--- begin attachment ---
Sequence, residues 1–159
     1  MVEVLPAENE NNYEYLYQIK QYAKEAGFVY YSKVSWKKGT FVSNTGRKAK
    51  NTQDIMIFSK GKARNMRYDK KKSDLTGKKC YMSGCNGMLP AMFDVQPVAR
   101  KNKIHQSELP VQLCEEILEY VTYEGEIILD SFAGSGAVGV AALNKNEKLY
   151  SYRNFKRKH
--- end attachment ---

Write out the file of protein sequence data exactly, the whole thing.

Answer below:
Sequence, residues 1–159
     1  MVEVLPAENE NNYEYLYQIK QYAKEAGFVY YSKVSWKKGT FVSNTGRKAK
    51  NTQDIMIFSK GKARNMRYDK KKSDLTGKKC YMSGCNGMLP AMFDVQPVAR
   101  KNKIHQSELP VQLCEEILEY VTYEGEIILD SFAGSGAVGV AALNKNEKLY
   151  SYRNFKRKH